How To Script Streamdeck with Autohotkey

Getting To Know The El Gato Stream Deck Part 2

January 3, 2018

The Elgato Stream Deck is a powerful control surface add-on for colorists, especially when paired with autohotkey. In this insight, learn to take that functionality to the next level with advanced scripts and workflow examples.


Series
Day 3: 24 Insights in 24 Days 2018 New Year Marathon

Taking the Stream Deck to the next level

I’ve made no secret of my love for the Elgato Stream Deck. When I first discovered the product, I immediately saw its potential to help colorists work faster and smarter. Since then, I’ve been using it myself and recommending it to other colorists.

After convincing Robbie to buy one for himself, he published a fantastic insight giving a broad overview of the Stream Deck. Unfortunately, there was one big disadvantage: The Stream Deck is designed for gamers, not colorists. A lot of its built-in functionality isn’t things colorists will use. Our main focus is on its ability to hit hotkeys, and to launch external programs – and it’s that ability to launch an external program that can really open up the Stream Deck’s potential..

Autohotkey and Stream Deck

In Part 1, we introduced autohotkey, an open source scripting language designed to build keyboard and mouse macros. In this Insight, I’m going to show you ways to use autohotkey to take that functionality to the next level. Each autohotkey script can be instantly launched from the Stream Deck, and can not only can you take control of your mouse and keyboard, but you can actually do logic and file I/O for saving settings or values.

Weather you use a Stream Deck, or any other macro controller capable of launching external programs – I’ll give you an overview on how to use autohotkey to unleash the full potential of advanced macros for color grading work.

About Stream Deck 2.0 Public Beta

While originally designed as a gaming peripheral – Elgato has recognized the potential of the Stream Deck for professional workflows, and has recently released a public beta of Stream Deck 2.0. This release includes new features squarely aimed at professionals like colorists. Specifically, they’ve added smart profiles to use the Stream Deck with multiple applications, and the ability to combine multiple Stream Decks to expand the number of buttons available.

The upcoming 2.0 release of the Stream Deck software has a number of improvements for professional users, including multiple device support and smart profiles.

Links & Bonuses

  • Download 3 Scripts – For Premium members, I’ve made the 3 scripts explained in this Insight available as examples for you to download. Just keep in mind – these scripts are tuned to my specific machine, and my specific display resolution (I’ve tested against 1920×1080 and 2560×1600); they may not work on all systems right out of the box but if you have Resolve set to fullscreen, in my testing the menus don’t change much from resolution to resolution. Still, you might need to adjust some mouse coordinates and delay times to optimize them for your system. Consider these as examples to help you get started more quickly.For Premium members, the download link for the scripts is below the video.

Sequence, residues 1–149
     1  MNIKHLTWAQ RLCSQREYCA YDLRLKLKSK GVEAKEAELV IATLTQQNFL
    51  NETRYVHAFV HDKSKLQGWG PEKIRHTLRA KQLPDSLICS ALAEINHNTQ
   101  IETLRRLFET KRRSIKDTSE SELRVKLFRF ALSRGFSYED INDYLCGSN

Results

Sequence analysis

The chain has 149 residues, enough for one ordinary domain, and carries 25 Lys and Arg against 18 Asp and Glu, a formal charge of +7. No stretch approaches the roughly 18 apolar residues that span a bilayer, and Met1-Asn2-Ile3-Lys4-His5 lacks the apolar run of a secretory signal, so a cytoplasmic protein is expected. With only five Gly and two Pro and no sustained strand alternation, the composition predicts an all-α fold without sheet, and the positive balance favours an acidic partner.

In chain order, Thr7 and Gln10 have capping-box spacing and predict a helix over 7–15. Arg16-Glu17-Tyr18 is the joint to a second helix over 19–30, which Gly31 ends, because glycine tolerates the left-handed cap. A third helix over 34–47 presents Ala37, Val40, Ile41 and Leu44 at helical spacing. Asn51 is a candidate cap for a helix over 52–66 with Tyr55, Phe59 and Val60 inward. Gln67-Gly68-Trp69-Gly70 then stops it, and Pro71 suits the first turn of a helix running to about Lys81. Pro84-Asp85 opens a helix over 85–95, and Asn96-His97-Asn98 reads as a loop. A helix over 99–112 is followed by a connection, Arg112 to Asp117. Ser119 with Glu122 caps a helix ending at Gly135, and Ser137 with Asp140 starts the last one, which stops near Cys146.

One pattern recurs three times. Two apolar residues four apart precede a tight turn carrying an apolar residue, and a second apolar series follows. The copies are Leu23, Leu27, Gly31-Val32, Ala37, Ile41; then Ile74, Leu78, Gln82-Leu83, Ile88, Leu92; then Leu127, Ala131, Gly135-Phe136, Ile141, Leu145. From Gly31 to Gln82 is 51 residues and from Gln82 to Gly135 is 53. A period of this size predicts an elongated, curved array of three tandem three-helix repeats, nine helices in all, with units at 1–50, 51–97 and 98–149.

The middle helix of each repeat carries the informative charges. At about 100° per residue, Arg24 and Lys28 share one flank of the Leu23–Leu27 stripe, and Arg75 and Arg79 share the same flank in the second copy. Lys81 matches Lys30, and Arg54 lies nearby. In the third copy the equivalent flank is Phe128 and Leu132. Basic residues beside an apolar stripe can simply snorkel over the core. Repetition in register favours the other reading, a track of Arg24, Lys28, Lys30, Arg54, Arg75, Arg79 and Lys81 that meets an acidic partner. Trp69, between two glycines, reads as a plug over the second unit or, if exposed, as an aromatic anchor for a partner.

• Stream Deck 2.0 Public Beta – As with all beta software, back up your profiles before upgrading, and upgrade at your own risk. If you are in the middle of crucial projects, I would hold off on upgrading until you have time to troubleshoot any issues that may come up.
  • Visual Studio Code – Microsoft Visual Studio code is my preferred editor for Autohotkey scripts.

Enjoy and leave comments or examples of your scripts in the comments below!

-joey

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Comments

20 thoughts on “Getting To Know The El Gato Stream Deck Part 2”

    1. Thanks! Yea I already have 2, but I’m going to get a 3rd soon – I have this crazy idea of remoting it out and hard wiring/permanently mounting it into the armrest of the couch in my suite – so I can setup a set of transport/marker/etc controls for reviewing grades on my big LG OLED.

    1. The good news is theres a decent amount of excitement about the stream deck in the open source community – so even if official Linux support doesn’t exist, I think we’ll see some open source Linux support eventually.

      Theres 2 very basic open source projects out there already:
      https://github.com/Lange/node-elgato-stream-deck
      https://github.com/WElRD/StreamDeckCore

      Currently these are just APIs, so any user facing functionality would have to be hand-coded. I’ve tested the node.js one, and it does work. Hopefully someone in the open source world will come with a user-facing application similar to the native windows one that works in Linux, that could be really cool.